We spotted two Parasitic Jaegers (Stercorarius parasiticus) on our trip today. One was in the act of kleptoparasitism, a common feeding technique for Jaegers. As their name implies, Parasitic Jaegers often parasitize smaller birds such as terns and some species of gulls by stealing their food (that’s the “klepto-” part). This involves a lot of chasing and harassing and sometimes the targeted bird will drop its catch in order to get away, leaving a meal for the Jaeger. You can watch this happening on this youtube video. Our looks were distant so we didn’t get great photos, but you can check out some photos or even listen to Jaeger sounds at the Audubon website. As the website points out, Parasitic Jaegers breed in the Tundra, but non-breeding birds range widely in the both hemispheres.
As we traveled today, we saw quite a view feeding frenzies of Northern Gannets (Morus bassanus). These birds are in the Sulidae family, which also holds the famous Blue-Footed Booby. You can see the resemblance especially well in the head. Gannets dive from great heights into the water in order to catch small schooling fish. When there are a lot of fish around, huge groups of Gannets can produce spectacular views for us on the boat. Sometimes we see dolphins feeding on the same fish, surfacing under a cloud of birds. The birds can be seen from quite far away, especially when there are large numbers, and so this is a great way to find feeding animals of all sorts.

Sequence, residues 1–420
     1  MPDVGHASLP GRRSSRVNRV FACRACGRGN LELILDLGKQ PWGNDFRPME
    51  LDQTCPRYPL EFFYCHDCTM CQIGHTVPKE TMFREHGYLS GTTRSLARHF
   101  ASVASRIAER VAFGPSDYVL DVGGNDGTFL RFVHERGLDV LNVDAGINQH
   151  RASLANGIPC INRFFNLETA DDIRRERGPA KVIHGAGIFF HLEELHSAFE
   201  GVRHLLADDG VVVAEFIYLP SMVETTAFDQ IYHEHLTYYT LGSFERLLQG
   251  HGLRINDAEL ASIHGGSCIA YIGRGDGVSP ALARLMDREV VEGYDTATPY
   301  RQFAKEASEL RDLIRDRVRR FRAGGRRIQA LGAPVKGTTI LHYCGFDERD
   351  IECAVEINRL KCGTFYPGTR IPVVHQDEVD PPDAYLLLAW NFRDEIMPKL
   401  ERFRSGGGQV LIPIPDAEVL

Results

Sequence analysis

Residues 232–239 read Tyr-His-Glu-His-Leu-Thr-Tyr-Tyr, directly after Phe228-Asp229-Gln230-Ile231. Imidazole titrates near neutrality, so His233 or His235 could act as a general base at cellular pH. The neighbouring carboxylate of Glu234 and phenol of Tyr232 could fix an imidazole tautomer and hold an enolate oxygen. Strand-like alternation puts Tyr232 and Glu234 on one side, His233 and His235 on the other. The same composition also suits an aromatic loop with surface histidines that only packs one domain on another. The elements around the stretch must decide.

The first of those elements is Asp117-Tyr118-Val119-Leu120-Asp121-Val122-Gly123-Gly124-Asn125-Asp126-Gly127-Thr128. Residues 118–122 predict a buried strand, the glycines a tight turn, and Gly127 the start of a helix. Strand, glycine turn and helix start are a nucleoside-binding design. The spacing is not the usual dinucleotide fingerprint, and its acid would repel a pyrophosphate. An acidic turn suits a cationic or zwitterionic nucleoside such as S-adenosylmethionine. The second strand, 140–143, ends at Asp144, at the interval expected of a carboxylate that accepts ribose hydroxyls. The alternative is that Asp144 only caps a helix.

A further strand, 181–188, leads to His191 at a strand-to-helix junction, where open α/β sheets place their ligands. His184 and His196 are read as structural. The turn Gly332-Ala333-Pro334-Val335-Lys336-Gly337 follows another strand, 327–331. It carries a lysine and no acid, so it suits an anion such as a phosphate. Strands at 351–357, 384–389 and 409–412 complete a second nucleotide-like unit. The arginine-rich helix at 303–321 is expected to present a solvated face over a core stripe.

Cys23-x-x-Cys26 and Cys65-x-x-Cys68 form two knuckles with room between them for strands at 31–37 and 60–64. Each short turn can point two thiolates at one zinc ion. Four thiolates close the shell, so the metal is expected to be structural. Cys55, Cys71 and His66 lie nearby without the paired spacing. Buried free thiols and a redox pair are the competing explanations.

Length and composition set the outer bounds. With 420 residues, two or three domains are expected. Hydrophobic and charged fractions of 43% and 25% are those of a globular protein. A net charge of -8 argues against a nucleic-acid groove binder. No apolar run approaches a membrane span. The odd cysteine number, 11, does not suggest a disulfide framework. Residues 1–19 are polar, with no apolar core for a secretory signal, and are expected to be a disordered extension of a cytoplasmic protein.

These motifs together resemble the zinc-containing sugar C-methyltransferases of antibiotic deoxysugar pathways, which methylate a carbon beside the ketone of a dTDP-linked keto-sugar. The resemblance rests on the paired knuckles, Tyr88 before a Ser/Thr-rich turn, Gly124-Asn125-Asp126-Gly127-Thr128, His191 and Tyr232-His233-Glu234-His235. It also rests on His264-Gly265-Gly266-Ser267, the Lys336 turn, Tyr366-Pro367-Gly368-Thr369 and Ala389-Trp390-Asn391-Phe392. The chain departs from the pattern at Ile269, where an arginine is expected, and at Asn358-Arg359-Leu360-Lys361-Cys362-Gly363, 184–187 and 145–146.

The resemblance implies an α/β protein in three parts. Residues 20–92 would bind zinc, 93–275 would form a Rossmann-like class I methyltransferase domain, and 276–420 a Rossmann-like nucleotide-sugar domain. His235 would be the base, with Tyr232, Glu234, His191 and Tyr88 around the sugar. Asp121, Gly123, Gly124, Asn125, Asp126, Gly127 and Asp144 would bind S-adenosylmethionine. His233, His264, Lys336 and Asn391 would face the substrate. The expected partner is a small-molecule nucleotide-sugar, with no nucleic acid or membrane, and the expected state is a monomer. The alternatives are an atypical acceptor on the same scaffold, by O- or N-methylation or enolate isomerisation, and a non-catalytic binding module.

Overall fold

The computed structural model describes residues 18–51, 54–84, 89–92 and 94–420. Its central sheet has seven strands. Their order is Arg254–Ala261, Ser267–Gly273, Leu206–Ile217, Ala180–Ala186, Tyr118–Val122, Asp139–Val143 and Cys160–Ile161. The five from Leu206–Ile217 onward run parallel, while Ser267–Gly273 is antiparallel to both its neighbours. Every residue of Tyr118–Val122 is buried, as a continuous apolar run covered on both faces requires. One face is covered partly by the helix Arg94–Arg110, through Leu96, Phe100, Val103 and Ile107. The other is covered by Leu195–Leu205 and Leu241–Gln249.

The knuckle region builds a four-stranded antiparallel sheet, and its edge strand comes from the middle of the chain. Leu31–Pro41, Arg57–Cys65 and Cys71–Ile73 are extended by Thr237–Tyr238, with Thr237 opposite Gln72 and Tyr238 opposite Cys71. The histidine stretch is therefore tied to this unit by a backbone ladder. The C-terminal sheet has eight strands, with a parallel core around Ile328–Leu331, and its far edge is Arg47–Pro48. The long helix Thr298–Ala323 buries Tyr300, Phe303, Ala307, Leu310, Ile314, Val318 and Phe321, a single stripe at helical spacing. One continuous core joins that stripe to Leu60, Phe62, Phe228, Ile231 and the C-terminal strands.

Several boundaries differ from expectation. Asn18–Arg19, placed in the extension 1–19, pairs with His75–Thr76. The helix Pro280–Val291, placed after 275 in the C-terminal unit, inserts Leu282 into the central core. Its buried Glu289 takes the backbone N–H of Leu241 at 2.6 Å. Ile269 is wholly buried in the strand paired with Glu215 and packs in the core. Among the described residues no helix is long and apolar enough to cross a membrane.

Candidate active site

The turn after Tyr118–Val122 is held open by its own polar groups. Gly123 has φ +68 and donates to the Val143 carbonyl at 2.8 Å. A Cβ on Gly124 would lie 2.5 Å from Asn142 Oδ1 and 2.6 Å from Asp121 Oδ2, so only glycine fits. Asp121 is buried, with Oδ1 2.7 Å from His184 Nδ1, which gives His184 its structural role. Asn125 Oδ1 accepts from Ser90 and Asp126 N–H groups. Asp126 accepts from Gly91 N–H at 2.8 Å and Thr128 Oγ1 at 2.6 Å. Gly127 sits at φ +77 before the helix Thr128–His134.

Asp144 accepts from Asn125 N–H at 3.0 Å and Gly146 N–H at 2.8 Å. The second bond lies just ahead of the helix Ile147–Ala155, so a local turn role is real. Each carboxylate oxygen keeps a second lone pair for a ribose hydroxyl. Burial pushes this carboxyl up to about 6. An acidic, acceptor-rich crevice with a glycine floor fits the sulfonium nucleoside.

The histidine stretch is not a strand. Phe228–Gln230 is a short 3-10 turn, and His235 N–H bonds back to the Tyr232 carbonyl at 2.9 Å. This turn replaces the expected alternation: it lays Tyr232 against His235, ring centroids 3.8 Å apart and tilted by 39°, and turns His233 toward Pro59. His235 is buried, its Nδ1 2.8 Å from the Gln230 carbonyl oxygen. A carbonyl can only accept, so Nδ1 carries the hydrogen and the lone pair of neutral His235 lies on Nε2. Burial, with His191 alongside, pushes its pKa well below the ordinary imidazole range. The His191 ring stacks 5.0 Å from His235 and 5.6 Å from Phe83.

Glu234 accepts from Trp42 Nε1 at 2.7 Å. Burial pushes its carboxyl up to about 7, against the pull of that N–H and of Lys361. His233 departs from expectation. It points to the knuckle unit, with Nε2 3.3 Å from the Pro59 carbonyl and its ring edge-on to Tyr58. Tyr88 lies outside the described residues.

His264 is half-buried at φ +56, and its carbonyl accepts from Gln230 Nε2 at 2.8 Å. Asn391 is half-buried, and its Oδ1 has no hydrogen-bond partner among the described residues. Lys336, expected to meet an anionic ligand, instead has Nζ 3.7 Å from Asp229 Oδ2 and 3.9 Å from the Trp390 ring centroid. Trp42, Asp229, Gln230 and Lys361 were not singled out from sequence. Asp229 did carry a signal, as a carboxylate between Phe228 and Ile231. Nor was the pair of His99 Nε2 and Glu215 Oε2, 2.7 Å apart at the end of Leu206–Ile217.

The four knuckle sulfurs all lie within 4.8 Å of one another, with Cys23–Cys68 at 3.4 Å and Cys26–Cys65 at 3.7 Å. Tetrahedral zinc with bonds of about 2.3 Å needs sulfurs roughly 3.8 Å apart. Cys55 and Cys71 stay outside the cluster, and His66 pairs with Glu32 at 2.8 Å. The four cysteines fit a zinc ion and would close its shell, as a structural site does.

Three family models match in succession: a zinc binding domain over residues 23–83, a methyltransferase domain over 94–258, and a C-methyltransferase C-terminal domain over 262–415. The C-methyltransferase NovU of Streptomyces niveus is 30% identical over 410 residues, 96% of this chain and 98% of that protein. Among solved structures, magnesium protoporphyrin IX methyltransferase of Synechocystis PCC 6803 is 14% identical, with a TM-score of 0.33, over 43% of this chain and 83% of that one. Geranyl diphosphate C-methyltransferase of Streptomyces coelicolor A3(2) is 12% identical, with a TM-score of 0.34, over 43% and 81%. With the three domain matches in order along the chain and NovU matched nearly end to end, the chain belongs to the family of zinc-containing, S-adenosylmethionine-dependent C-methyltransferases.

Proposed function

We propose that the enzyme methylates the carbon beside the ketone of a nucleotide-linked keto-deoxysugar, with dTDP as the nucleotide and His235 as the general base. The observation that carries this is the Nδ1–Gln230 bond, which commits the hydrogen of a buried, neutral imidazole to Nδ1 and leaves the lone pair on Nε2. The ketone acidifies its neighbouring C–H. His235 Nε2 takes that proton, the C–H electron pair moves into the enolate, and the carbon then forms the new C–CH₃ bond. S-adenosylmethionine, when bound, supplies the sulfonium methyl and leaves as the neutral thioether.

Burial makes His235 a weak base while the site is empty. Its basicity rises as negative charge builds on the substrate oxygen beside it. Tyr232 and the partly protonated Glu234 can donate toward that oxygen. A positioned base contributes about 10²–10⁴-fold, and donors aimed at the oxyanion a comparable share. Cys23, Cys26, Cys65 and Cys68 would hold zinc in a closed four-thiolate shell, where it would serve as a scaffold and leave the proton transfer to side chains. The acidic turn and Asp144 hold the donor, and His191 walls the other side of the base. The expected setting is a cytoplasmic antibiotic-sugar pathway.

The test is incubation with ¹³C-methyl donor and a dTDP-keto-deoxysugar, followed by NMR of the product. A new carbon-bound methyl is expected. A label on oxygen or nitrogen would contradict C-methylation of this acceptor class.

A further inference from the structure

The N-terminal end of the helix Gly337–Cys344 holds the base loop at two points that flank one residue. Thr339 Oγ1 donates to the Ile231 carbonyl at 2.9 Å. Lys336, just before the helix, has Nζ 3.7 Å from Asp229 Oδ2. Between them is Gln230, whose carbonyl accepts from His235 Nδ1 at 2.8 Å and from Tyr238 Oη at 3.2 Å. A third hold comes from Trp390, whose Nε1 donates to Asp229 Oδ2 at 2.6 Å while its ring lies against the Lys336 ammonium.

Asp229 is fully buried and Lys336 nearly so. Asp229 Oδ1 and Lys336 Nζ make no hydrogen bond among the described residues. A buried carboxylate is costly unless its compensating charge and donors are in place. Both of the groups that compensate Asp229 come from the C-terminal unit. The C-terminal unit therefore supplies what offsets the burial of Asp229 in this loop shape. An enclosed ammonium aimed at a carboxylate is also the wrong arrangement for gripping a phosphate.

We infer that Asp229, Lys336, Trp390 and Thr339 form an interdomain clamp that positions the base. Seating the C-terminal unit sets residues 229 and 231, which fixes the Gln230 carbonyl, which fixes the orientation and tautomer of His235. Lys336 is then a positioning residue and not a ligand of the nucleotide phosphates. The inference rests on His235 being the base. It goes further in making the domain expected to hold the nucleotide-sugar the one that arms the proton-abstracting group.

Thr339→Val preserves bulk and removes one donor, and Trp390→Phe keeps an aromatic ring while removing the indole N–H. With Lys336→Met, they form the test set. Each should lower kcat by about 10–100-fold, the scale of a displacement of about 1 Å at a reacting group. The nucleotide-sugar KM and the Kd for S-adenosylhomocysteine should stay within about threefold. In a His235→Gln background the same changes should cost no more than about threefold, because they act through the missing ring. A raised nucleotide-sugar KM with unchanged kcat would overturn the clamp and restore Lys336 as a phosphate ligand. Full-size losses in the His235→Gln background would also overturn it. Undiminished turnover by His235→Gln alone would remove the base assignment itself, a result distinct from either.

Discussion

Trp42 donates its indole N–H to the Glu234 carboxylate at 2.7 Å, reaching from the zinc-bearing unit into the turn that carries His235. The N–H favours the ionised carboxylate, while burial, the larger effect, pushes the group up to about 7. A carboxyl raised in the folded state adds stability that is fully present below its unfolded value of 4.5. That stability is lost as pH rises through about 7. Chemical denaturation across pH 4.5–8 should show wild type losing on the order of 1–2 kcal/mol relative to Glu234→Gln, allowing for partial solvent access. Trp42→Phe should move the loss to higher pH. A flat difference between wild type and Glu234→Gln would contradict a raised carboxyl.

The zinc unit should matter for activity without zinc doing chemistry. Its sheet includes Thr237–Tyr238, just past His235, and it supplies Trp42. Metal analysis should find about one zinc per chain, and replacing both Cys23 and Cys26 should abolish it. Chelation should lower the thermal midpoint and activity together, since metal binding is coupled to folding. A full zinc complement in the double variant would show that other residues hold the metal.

Thanks for reading, and look for more posts soon as we continue the field season! See below for some links and references mentioned in the post.
References and links
 Hain JHW, Hampp JD, McKenney SA, Albert JA, Kenney RD. 2013. Swim Speed, Behavior, and Movement of North Atlantic Right Whales (Eubalaena glacialis) in Coastal Waters of Northeastern Florida, USA. PLoS ONE 8(1): e54340. doi:10.1371/journal.pone.0054340
 Tomás J, Guitart R, Mateo R, Raga JA. 2002. Marine debris ingestion in loggerhead sea turtles, Caretta caretta, from the Western Mediterranean. Marine Polution Bulletin. 44: 211-216.
 Rochman CM, Browne MA, Halpern BS, Hentschel BT, Hoh E, Karapanagioti HK, Rios-Mendoza LM, Takada H, Teh S, Thompson RC. 2013. Policy: Classify plastic waste as hazardous. Nature 494(7436): 169-171.
 Living on Earth, March 8th, 2013: The Hazards of Plastic Waste
 Razorbills invade Florida
 Youtube video of a Parasitic Jaeger in the act of kleptoparasitism.
 Parasitic Jaeger on the Audubon website.